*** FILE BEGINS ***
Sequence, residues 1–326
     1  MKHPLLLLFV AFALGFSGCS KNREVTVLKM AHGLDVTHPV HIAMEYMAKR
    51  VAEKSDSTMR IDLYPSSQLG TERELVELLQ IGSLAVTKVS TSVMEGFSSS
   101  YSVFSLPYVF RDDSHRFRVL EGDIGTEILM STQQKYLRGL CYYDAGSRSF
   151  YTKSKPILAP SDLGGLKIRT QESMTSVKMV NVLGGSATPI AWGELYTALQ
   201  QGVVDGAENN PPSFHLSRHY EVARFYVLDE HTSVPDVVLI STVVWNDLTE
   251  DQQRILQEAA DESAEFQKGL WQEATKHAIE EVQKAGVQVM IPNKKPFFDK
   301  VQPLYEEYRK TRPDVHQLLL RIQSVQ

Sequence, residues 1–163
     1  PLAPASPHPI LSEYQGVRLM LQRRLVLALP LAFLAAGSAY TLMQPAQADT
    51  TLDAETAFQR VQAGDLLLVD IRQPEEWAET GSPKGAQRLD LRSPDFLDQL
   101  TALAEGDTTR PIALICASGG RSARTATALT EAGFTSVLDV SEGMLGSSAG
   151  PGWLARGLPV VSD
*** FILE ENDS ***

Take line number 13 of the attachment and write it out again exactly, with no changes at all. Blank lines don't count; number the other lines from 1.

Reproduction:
   151  PGWLARGLPV VSD